As you can tell if you read through our shiny new iPhone 15 review, Apple's latest flagship phones are an appealing mix of hardware and software prowess – and it's emerged that the handsets come with a couple of useful features for preserving battery health.
First up, via MacRumors, all the iPhone 15 models come with a new setting that prevents them from being charged above 80%. This adds to the existing Optimized Battery Charging feature, where iOS is selective about when the battery gets charged beyond 80%, based on the device charging history.
Reducing the amount of time that a phone battery is fully charged for can help it to stay healthier for longer: basically, it reduces the wear and tear that comes with chemical aging. You can read more about it on Apple's support page on Optimized Charging.
You can find the new option by opening up Settings on iOS 17, then tapping Battery, Battery Health & Charging, and then Charging Optimization: You're able to pick from None, the previous Optimized Battery Charging option, and the new 80% Limit. It's worth noting that there's still some debate about exactly how it works.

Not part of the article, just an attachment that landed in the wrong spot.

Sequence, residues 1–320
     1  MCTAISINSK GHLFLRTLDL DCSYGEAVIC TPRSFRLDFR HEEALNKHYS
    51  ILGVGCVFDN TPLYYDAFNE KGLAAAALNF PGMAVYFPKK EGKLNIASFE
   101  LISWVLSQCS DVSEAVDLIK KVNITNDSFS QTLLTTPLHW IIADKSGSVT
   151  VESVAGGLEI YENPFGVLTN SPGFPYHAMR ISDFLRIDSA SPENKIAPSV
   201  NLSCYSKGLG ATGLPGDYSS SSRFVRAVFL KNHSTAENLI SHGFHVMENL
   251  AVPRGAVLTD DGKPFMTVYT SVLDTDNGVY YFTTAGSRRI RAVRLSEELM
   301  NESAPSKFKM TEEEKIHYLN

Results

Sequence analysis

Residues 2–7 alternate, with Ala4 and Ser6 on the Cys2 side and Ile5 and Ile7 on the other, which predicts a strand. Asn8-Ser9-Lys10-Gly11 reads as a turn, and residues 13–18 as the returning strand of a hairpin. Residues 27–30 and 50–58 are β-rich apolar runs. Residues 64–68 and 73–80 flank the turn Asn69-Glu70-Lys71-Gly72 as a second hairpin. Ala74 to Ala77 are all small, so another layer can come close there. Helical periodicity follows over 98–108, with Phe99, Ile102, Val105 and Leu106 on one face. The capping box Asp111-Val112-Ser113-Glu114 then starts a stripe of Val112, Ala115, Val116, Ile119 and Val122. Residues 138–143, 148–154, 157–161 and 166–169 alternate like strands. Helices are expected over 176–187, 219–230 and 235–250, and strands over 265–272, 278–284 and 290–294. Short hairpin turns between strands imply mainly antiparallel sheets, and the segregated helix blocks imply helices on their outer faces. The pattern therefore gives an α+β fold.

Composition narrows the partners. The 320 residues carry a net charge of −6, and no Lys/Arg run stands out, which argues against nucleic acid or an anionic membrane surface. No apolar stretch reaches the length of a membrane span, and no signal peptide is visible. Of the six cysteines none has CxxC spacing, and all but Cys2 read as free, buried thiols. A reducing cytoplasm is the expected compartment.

See the cycles
That's not all, iPhone 15 owners: your new handset can also give you some extra information about battery health, which you can find by going into iOS Settings and choosing Battery and then Battery Health & Charging.
Alongside the information that was here previously, you've got new entries for how many charge cycles the phone has been through, when the battery was manufactured, and when it was first used – which should help in keeping tabs on the state of your battery's health.
These new features may well be a response to grumbles about battery health on the iPhone 14. Reports from users suggest that battery performance on the 2022 flagships has been deteriorating faster than it did on the iPhone 13, so we'll have to wait and see how the iPhone 15 handsets hold up over time.
Sadly, there's no sign yet of these new features appearing on older iPhones, even running the same iOS 17 software. Apple hasn't officially commented on them yet, so it's possible we'll eventually get an explanation of why they're exclusive to the newest models.